Select Page

Usufruct, in Roman-based legal systems, the temporary right to the use and enjoyment of the property of another, without changing the character of the property. This legal concept developed in Roman law and found significant application in the determination of the property interests between a slave held under a usus fructus (Latin: “use and enjoyment”) bond and a temporary master. Any property acquired by a slave as a result of his labour legally belonged to that master

Modern civil-law systems recognize two types of usufructs. The perfect usufruct includes only those things that a usufructuary (one who holds property under right of usufruct) can use without changing their substance, such as land, buildings, or movable objects; the substance of the property, however, may be altered naturally over time and by the elements. The quasi-, or imperfect, usufruct includes property that is consumable or expendable, such as money, agricultural products, and the like, which would be of no advantage to the usufructuary if he could not consume them, expend them, or change their substance.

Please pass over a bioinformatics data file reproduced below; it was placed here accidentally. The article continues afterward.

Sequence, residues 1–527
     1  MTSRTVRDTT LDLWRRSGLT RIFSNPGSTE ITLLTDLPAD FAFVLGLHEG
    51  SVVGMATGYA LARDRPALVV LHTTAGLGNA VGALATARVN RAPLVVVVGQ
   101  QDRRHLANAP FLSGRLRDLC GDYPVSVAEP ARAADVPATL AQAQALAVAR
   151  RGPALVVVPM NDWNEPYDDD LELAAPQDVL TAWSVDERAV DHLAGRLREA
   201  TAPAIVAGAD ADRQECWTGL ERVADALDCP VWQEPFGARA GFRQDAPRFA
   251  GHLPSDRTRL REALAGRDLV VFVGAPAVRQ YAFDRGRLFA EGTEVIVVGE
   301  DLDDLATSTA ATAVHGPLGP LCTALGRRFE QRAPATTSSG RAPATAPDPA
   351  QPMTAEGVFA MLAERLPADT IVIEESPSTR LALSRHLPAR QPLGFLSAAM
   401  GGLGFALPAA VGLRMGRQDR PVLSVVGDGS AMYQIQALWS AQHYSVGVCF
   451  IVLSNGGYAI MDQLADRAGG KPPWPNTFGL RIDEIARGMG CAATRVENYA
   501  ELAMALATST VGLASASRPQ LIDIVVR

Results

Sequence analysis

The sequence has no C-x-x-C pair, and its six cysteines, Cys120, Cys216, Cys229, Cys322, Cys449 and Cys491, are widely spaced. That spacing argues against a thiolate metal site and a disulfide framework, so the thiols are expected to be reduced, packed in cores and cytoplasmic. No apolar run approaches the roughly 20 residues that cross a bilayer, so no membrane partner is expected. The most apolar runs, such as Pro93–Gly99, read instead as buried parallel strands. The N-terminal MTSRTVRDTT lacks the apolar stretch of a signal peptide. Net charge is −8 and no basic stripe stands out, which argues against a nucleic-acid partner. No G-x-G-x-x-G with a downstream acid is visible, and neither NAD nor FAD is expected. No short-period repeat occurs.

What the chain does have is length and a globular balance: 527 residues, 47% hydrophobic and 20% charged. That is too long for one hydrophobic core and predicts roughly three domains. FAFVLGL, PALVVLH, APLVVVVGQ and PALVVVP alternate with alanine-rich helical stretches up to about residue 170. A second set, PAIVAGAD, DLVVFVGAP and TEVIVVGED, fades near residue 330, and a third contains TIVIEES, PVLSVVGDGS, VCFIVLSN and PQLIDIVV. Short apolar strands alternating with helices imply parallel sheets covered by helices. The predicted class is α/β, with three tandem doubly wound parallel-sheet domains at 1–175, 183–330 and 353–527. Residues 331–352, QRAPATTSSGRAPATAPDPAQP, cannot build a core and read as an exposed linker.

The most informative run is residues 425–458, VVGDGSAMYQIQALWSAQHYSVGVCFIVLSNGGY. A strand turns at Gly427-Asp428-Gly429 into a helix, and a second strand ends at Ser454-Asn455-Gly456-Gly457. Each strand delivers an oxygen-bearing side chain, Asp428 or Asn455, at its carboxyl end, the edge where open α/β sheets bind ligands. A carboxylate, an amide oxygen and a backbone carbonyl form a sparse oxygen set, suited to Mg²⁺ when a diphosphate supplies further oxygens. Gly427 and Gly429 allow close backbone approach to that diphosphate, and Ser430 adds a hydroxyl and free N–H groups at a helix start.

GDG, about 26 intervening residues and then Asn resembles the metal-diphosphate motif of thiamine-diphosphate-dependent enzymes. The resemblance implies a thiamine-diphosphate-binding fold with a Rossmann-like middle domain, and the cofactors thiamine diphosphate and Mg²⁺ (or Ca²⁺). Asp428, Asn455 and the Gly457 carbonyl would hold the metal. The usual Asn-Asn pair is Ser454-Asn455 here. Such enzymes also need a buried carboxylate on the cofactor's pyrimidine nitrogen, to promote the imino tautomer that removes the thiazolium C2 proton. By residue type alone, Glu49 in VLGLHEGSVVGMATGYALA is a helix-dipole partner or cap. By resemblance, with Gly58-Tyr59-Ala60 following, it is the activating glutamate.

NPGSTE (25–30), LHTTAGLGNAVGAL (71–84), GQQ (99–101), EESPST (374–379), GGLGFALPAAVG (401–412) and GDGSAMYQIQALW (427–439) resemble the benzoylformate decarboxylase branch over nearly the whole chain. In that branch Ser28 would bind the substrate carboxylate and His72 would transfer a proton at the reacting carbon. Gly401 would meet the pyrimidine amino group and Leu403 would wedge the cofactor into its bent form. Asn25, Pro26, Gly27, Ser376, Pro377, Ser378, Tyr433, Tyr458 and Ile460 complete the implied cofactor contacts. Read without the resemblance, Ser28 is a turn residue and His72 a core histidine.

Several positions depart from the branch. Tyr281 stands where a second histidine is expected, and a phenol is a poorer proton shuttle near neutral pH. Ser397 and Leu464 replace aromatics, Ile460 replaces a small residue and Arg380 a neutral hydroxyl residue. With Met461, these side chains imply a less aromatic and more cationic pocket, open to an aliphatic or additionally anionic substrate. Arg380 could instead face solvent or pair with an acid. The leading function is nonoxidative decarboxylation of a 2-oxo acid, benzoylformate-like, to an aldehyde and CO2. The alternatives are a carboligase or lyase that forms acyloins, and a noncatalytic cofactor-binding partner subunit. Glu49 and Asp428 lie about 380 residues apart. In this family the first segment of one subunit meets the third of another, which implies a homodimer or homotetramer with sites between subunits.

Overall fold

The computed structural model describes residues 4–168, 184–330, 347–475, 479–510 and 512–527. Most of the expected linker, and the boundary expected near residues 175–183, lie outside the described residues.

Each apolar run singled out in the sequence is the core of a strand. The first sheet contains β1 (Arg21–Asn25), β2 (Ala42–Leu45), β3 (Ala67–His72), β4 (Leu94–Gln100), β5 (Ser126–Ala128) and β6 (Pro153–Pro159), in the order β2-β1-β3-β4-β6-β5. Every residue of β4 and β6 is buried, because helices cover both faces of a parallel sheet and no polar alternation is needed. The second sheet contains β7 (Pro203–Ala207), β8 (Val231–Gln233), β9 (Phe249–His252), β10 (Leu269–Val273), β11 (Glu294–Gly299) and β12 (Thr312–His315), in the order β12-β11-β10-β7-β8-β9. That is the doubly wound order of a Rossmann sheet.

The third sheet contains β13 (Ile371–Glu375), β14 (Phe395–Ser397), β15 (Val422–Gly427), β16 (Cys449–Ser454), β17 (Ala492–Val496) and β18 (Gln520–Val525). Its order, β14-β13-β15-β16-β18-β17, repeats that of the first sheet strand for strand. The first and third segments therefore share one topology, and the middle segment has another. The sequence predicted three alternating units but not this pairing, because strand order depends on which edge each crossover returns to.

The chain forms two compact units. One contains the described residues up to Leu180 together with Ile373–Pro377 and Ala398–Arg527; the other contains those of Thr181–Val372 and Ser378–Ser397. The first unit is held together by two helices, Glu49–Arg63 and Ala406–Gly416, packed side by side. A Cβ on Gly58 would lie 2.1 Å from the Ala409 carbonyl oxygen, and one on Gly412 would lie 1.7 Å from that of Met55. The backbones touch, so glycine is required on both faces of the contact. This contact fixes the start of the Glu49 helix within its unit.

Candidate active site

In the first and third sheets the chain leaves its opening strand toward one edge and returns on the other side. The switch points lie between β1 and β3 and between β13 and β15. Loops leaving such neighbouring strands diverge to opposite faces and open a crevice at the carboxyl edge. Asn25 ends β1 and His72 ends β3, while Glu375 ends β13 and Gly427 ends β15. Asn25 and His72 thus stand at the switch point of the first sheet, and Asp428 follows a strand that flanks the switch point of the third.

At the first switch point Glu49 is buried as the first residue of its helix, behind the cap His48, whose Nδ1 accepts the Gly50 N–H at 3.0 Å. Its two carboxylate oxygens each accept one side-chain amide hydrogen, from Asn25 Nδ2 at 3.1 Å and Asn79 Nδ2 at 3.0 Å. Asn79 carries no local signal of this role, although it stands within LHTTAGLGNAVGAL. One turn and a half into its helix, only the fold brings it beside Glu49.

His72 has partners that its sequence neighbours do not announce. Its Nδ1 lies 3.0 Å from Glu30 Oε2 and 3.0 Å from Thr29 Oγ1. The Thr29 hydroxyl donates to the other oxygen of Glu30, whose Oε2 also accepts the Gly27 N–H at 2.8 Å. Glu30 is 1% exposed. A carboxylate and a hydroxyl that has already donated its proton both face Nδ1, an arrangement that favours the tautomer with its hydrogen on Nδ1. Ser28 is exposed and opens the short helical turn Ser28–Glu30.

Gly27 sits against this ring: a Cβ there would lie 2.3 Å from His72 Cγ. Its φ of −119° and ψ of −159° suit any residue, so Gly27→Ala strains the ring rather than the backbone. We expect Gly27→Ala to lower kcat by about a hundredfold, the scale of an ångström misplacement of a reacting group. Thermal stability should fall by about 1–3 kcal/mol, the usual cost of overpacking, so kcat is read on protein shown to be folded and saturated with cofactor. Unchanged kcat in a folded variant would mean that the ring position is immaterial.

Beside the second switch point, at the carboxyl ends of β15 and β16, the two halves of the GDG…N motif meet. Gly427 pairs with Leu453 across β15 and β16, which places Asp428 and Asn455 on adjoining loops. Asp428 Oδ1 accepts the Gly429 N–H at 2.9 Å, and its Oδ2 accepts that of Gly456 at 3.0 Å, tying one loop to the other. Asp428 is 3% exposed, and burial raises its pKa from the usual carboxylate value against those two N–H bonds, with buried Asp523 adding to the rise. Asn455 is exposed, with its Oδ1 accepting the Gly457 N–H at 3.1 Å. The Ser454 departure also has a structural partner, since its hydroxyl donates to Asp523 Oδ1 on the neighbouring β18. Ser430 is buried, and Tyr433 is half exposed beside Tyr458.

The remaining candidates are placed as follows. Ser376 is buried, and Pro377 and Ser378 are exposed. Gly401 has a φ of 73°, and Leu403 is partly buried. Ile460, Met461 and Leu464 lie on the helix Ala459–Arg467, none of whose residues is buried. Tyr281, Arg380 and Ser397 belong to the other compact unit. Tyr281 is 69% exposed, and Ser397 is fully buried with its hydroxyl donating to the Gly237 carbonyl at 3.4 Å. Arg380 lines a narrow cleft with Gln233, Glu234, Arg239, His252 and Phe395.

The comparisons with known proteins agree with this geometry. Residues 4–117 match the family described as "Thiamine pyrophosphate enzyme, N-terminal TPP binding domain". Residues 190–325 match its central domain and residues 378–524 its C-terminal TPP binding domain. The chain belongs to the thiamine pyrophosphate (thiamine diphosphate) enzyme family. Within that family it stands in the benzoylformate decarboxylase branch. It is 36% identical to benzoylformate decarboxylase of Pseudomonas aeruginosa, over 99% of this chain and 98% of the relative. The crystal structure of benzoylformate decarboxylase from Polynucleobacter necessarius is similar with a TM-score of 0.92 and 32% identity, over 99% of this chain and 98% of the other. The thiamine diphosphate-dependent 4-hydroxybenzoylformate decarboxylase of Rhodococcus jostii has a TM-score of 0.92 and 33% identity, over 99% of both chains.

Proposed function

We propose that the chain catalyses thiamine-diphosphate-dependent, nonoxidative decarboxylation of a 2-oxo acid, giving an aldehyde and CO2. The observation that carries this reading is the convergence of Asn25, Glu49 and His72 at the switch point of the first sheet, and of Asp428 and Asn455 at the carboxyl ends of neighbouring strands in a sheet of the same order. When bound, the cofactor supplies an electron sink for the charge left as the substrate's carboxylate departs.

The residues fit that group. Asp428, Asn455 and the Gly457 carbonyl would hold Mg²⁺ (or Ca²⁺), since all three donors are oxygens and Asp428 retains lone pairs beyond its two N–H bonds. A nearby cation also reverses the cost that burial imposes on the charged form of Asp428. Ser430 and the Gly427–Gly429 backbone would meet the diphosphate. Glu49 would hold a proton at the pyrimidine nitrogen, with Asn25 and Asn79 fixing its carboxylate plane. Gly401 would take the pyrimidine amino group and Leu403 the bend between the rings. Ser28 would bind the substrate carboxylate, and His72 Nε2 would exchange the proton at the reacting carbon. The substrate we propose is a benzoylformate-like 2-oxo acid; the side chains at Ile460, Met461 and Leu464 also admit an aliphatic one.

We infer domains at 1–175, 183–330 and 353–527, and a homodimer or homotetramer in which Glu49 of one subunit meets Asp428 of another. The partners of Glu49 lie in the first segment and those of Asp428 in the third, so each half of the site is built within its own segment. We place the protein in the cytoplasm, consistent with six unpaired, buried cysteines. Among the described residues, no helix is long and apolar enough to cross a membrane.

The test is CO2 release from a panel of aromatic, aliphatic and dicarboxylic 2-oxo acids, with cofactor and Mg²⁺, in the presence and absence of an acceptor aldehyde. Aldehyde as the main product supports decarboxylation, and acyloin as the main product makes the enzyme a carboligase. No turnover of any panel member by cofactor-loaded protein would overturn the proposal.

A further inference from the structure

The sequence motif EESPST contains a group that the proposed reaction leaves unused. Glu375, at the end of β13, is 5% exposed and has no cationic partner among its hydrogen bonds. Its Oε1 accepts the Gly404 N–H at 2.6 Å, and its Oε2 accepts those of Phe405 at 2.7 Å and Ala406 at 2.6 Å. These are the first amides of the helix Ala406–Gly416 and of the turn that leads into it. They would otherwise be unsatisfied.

Real estate in Oman is regulated by the Land Law (Royal Decree 5/80), 1980 which states that all land in the country is the property of the state, unless specified otherwise. The Law permits Omani nationals to enjoy the benefits of owning land on freehold and leasehold bases. Wholly Omani-owned companies and public jointstock companies with 51 per cent Omani shareholding may also own real estate in Oman.

However, corporate ownership of property is currently restricted to holding it for use as an administrative office, staff accommodation, warehouse, showroom or as a similar special purpose premise for achieving the company’s objectives. This means that a company may not deal in real estate for investment purposes, unless it is a land development company with land development as its objective.

Companies acquiring land for non-investment purposes are prohibited from disposing of the land within two years of its acquisition.

In addition to the Land Law, the following laws also govern real estate in Oman:

• The Land Register Law (Royal Decree 2/98), 1998;

• The Tenancy Law (Royal Decree 6/89), 1989;

• The Law of Expropriation of Property for Public Utility (Royal Decree 64/78), 1978;

• The Law Regulating the Ownership of Real Estate by the Nationals of the Gulf Cooperation Council States (Royal Decree 21/04), 2004;

• The Usufruct Law (Royal Decree 5/81), 1981; and

• The Law on Foreign Ownership of Land in the Integrated Tourist Complexes (Royal Decree 12/06), 2006.